Foreclosure is a legal process allowing mortgage lenders to take ownership and/or possession of the debtor's real estate (which was used to secure the loan) in the event of nonpayment in Cumberland County, North Carolina. Foreclosure typically involves a forced sale of the house at auction. Banks typically want to rid themselves of ownership of the home as soon as possible, collect as much money as they can, and then move on.

In every state, including North Carolina, borrowers have the option to go through foreclosure by judicial sale. This means that the auction will be overseen by a court, to make sure that the bank makes an effort to get as high a price as possible (to increase the chances that the entire balance will be covered, as well as the odds that there will be some money leftover for the borrower). In some states, original mortgages are "non-recourse loans," meaning that the lender can only recover ownership of the house in the event of default. If the house is now worth less than the balance of the mortgage, the lender has to take the loss. You should speak with a Cumberland County, North Carolina lawyer to see if this state is one of them. However, it is almost always the case that this protection does not apply to loans which have been refinanced.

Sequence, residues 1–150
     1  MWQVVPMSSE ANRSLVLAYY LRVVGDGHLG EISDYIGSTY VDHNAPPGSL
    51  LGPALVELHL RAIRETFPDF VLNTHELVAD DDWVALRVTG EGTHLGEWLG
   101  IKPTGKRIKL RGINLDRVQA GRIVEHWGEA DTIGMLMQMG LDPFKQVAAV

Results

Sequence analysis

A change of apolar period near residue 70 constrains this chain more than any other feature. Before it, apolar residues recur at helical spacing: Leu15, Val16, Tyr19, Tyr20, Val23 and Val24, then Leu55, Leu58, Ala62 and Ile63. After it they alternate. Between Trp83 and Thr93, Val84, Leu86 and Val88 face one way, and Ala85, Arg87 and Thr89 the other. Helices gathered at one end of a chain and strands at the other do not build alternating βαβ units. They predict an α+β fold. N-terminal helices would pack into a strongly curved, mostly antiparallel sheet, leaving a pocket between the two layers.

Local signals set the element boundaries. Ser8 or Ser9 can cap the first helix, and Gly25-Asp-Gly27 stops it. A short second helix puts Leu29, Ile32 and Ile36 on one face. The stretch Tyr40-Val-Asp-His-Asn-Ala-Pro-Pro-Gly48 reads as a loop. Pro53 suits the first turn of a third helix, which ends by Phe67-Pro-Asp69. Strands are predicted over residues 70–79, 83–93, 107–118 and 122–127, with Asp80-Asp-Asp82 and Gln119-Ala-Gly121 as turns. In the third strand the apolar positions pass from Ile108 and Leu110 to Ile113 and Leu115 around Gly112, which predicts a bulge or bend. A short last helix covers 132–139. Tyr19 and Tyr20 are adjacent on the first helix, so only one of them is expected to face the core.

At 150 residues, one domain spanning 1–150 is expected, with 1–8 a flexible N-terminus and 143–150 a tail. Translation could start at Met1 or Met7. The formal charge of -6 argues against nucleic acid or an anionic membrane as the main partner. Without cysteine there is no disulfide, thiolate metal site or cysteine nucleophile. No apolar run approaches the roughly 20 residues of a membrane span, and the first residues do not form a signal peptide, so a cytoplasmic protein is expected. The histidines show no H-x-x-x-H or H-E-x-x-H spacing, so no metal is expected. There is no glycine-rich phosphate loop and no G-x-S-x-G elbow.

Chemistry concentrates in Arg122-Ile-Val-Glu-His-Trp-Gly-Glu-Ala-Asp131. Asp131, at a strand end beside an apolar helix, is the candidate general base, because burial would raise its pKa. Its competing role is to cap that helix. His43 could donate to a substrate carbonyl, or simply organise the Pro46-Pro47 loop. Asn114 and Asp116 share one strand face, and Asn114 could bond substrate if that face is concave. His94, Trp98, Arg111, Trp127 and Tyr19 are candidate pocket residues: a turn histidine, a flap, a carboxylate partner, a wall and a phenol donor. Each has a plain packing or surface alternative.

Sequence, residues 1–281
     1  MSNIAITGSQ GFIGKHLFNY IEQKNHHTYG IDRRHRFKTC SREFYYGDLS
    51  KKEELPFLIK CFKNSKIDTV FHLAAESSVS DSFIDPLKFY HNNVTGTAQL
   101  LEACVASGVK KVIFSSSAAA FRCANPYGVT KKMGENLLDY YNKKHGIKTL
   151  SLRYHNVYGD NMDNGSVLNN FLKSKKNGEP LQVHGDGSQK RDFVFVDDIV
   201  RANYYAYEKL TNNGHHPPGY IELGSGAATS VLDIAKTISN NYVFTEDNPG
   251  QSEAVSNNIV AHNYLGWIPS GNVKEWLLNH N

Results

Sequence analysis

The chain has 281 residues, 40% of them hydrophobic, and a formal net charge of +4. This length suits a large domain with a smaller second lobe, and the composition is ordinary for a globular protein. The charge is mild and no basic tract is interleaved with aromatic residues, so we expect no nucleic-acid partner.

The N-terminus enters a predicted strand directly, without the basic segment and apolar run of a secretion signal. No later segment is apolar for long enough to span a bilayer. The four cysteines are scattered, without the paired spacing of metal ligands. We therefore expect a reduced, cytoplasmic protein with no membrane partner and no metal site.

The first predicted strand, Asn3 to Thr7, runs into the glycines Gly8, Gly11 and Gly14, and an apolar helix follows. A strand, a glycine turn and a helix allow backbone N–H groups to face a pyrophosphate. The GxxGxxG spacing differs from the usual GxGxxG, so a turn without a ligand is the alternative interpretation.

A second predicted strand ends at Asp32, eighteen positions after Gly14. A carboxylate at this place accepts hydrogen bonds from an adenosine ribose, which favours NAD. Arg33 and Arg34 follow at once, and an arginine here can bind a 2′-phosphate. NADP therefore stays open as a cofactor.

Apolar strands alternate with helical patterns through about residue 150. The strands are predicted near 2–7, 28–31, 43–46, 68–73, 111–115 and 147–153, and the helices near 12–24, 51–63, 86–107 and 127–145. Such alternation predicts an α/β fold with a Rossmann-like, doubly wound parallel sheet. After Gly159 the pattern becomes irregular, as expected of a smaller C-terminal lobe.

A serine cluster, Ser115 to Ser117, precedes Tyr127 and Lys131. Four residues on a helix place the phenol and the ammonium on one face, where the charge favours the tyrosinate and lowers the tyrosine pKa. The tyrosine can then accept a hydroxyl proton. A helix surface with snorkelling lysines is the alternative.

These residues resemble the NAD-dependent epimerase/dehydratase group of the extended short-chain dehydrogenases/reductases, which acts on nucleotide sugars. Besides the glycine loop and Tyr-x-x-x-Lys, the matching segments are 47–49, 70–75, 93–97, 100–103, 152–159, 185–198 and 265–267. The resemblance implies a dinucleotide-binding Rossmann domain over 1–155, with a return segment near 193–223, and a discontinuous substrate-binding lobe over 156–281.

How Can I Avoid Foreclosure in North Carolina?

First and foremost, you should not ignore the possibility of foreclosure. Failing to respond to collection calls from your lender will not make the problem go away. As unpleasant as this might seem, you should stay in contact with your creditor, and be forthright with them. One should remember that banks usually don't want to take your house in Cumberland County. They issued your mortgage expecting to earn a profit on the interest. Taking possession of, and selling, your house is a last resort for them. Therefore, if you are forthright with them about your financial situation, they are likely to make reasonable accommodations to prevent you from defaulting.

If you can't work anything out with your lender, or have become completely unable to make any mortgage payments, a "short sale" might be a good option. This allows you to sell your house for whatever price it can get, and hand the proceeds over to the lender. If the sale price is less than the balance of the loan, the rest of the debt might be forgiven. You might also consider a "short refinance" which allows a portion of the debt to be forgiven, while refinancing the rest, hopefully under better terms.

How Can A Cumberland County, North Carolina Attorney Help?

If you think foreclosure is imminent, a good Cumberland County, North Carolina attorney might be your best hope for staving it off. Even if keeping the house proves impossible, a good lawyer can minimize the financial effects.